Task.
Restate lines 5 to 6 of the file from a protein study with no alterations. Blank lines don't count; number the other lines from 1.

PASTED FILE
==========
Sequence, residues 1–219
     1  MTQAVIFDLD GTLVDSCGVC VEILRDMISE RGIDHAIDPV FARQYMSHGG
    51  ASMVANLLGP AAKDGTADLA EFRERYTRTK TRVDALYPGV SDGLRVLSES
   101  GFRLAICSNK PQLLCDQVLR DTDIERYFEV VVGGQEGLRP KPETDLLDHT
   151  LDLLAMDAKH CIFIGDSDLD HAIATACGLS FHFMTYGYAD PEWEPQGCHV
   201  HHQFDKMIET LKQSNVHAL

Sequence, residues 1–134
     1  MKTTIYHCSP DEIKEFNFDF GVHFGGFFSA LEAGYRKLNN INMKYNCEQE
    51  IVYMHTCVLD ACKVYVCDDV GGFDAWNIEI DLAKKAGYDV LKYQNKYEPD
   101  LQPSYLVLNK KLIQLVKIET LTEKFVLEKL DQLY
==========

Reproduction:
   151  LDLLAMDAKH CIFIGDSDLD HAIATACGLS FHFMTYGYAD PEWEPQGCHV
   201  HHQFDKMIET LKQSNVHAL